Have you taken up the Stoptober challenge? Comedians Al Murray, Shappi Khorsandi, Bill Bailey and Rhod Gilbert are all encouraging people to take up the challenge to stop smoking for 28 days.
Around 23,000 people in the West Midlands signed up to Stoptober last year. To mark the return of the nation’s biggest mass quit smoking attempt, Britain’s Got Talent semi-finalists Faces of Disco will be making an appearance at the Stoptober roadshow at Victoria Square, Birmingham on 23 September from 11am – 5pm. As well as being able to sign up to Stoptober, quitters will receive information, expert advice and support from local stop smoking services present at the roadshow.
Giving up smoking can initially be difficult but the benefits of not smoking are huge as Sarah Stables, Stop Smoking Services co-ordinator at Solihull Stop Smoking Service, explains: “Stopping smoking can not only add years to your life, it can also improve your chances of living a disease-free and mobile life. It is never too late to benefit from quitting.
“The skin of a non-smoker gets more nutrients and without these nutrients skin can start looking sallow. Non-smokers will find it easier to get pregnant and have a reduced chance of having a miscarriage. Being a non-smoker also improves the chances of giving birth to a healthy baby.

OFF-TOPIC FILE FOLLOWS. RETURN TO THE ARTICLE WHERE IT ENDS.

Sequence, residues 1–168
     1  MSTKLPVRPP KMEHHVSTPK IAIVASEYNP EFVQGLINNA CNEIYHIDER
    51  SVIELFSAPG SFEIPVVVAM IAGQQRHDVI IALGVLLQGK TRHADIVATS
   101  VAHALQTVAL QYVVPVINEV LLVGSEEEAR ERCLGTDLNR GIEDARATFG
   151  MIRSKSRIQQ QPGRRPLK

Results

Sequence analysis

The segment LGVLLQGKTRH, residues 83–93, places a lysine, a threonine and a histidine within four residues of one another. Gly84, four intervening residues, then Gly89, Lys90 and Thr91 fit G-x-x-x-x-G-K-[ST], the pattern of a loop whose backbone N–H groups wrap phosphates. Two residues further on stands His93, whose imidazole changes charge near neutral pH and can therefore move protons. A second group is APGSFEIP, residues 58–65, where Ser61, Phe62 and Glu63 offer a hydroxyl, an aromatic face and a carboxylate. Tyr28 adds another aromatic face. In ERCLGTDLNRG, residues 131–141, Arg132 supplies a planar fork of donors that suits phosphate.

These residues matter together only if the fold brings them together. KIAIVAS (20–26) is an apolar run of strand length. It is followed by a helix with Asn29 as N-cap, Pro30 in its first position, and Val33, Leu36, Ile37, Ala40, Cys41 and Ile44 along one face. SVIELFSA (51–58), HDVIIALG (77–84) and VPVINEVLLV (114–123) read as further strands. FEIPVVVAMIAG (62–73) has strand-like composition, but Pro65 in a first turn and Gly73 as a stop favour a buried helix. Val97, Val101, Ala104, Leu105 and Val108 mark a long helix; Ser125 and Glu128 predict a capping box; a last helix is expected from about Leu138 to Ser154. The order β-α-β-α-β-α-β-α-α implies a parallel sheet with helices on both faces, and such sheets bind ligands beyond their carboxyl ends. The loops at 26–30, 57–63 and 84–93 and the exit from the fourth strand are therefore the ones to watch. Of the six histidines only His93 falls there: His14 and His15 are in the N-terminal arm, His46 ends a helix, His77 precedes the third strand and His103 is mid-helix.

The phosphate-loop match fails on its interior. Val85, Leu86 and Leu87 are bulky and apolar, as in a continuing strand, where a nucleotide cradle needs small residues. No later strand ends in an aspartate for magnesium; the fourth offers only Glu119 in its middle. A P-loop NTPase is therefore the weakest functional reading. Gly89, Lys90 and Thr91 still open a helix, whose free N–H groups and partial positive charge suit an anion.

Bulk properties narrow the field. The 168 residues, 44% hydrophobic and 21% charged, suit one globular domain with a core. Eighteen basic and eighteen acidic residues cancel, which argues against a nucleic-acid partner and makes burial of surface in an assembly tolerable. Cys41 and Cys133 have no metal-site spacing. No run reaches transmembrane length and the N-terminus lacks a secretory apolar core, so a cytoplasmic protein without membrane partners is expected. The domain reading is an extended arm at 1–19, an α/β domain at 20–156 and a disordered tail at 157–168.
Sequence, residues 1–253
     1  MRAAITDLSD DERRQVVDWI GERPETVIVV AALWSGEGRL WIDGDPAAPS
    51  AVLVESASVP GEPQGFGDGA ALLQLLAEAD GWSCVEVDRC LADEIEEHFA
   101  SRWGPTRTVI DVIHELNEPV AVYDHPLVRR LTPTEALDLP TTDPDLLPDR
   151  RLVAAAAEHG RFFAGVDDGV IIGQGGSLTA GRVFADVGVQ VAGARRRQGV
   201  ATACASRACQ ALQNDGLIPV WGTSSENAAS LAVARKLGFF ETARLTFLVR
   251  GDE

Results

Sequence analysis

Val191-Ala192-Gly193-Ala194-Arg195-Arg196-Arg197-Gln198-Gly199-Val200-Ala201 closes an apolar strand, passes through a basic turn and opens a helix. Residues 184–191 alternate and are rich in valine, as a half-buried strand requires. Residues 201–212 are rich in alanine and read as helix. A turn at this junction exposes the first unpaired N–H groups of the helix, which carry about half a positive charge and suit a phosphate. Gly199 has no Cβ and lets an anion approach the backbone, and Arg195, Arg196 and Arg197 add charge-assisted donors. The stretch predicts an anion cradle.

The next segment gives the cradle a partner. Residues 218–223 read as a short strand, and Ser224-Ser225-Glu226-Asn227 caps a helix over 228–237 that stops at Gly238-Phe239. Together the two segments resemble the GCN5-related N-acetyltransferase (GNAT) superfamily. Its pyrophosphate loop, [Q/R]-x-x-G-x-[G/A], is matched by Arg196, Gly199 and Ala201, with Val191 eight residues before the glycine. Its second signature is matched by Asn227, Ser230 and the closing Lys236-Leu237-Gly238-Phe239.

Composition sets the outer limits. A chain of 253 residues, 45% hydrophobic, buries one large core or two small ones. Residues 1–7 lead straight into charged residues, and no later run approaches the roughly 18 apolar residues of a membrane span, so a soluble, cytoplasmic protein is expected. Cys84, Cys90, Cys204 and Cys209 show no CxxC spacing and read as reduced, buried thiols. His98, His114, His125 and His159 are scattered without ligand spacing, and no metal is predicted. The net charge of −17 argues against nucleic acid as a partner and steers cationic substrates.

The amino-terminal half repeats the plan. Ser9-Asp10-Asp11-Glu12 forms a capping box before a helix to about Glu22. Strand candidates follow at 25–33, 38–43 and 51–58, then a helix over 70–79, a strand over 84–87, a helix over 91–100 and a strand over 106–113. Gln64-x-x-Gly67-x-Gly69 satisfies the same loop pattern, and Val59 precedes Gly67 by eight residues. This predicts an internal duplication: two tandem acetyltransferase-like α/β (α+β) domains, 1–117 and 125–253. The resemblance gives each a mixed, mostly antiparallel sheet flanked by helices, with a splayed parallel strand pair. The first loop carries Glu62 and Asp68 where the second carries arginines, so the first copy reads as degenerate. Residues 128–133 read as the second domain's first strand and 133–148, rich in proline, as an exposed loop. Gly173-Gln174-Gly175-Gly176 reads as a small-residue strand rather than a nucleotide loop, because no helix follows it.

“Within two to 12 weeks of stopping smoking your circulation will improve and as a result, you will be able to walk and run much easier. Giving up smoking can boost your immune system.
“Making small changes to your lifestyle can also make a big difference in helping you quit. Talk to your friends and family for support. The more support and encouragement you can get the better.
“It might be helpful to avoid situations where you usually smoke. Don’t give in to the temptation to have just one cigarette. Try to distract yourself by doing something else instead.
“Free ‘Quit Kits’ can be picked up at local pharmacies. The kits will include practical tools and advice to help you quit. You can get nicotine replacement therapy for free or on prescription from your local NHS Stop Smoking Service or GP. Using nicotine patches will help reduce everyday cravings and you can also use nasal spray, gum, lozenges, inhalator or mouth spray for sudden cravings.”
Sarah adds: “Smoking can damage your heart and blood circulation. It can cause diseases such as cervical and lung cancer. If you do smoke, you are more likely to have a stroke than someone who doesn’t smoke. Smokers also have an increased chance of getting stomach cancer as well as ulcers.
“Chewing smokeless tobacco such as paan or gutkha is quite popular amongst British /south Asian communities. All forms of tobacco can damage your health and using smokeless tobacco raises the risk of mouth cancer. Smoking bidi and shisha can increase your risk of cancer, heart disease and respiratory disease.”
If you took up the Stoptober challenge last year, why not share your tips on how to get through the 28 days? You can share your Stoptober experience by joining the conversation on Twitter by following @stoptober and using the hashtag #stoptober. You can also join the Stoptober Facebook page https://www.facebook.com/stoptober.